Favorite films

  • Fanny and Alexander
  • In the Mood for Love
  • Close-Up
  • Du côté d'Orouët

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  • The Revenge: A Scar That Never Disappears

    ★★★½

  • Beautiful Thing

    ★★★★

  • A Zed & Two Noughts

    ★★★★

  • Panic in High School

    ★★★½

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  • The Revenge: A Scar That Never Disappears

    The Revenge: A Scar That Never Disappears

    ★★★½

    It seems fitting that my journey through Kurosawa’s career so far* ends with one of his most bleakly Beckettian visions; Anjo’s all-consuming thirst for revenge for his wife’s death five years earlier just becoming an especially violent way of being stuck. Ideals abandoned long ago, he’s found no new meaningful ones with which to replace them, existing in some no man’s land between the law’s morally rigid impotence and the yakuza’s winner-takes-all nihilism. “To catch outlaws, you have to go…

  • Beautiful Thing

    Beautiful Thing

    ★★★★

    Gorgeously scrappy and lived-in, where too many films about young LBGTQ love are happy to define their characters only by their queer identities, sending them swiftly along some premanufactured assembly line out of the closet. Firmly rooted in the realities of class as much as sexuality, the world of Ste and Jamie’s South East London council estate is brought to life as a teeming, maddening place of so many people piled on top of one another; too many broken dreams…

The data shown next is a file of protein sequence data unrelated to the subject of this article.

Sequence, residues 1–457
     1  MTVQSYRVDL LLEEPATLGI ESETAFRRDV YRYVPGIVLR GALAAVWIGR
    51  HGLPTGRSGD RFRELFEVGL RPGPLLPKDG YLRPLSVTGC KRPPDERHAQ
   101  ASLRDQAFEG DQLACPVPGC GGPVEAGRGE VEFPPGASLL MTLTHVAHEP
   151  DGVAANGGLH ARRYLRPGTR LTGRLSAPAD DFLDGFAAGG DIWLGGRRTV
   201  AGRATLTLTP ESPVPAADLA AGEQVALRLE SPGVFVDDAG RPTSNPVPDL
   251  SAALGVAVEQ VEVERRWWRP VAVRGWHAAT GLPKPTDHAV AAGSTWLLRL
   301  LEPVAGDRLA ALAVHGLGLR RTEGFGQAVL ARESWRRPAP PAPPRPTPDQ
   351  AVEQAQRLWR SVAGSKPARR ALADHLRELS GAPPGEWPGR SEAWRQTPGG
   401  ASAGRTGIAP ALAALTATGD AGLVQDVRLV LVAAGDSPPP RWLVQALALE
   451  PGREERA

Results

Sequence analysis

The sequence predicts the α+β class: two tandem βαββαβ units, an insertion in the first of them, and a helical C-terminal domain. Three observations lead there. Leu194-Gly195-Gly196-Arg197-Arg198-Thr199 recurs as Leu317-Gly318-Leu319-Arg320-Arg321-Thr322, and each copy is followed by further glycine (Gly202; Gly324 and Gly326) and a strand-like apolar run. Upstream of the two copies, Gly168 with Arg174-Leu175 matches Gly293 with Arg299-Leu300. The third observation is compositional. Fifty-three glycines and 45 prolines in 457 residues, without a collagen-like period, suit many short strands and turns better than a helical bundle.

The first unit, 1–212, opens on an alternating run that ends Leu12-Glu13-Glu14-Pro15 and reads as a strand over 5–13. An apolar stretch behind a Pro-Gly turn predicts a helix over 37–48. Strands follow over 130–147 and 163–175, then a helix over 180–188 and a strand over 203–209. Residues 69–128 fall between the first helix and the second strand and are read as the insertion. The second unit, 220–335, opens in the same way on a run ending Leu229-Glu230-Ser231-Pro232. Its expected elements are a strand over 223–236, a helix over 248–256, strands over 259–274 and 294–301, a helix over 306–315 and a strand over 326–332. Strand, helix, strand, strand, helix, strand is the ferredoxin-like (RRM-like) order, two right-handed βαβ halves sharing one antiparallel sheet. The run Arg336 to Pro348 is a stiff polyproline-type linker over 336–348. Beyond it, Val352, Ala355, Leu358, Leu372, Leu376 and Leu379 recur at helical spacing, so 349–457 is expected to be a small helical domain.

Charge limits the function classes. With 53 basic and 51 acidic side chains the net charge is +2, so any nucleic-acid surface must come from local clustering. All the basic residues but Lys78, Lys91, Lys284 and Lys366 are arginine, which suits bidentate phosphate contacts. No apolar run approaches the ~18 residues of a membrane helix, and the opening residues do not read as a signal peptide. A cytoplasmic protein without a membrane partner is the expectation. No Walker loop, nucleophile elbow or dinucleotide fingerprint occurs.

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  • Titane

    Titane

    ★★½

    Clearly, I’m in the minority here, but it’s the sort of transgressive provocation I just find incredibly dull, if not flat-out useless. As with Raw before it, the sensationalist genre trappings just become a way for Ducournau to avoid having to try to say anything about any emotional depths she might’ve wandered into. Indeed, literally nothing of either Alexia’s narrative trajectory or Vincent’s emotional awakening would change at all if her baby had been made of flesh and blood instead…

  • Nomadland

    Nomadland

    ★★★

    A twilight-hued ode to one of the many communities left abandoned by the grotesque corporatization of American government; a society where communities to belong to and houses to live in are considered privileges rather than fundamental human rights, and the tragically unnecessary courage of those who have to create their own communities and find their own places to call home. “No, I’m not homeless,” Fern insists. “I’m just houseless. Not the same thing, right?” Whether working alongside the new class…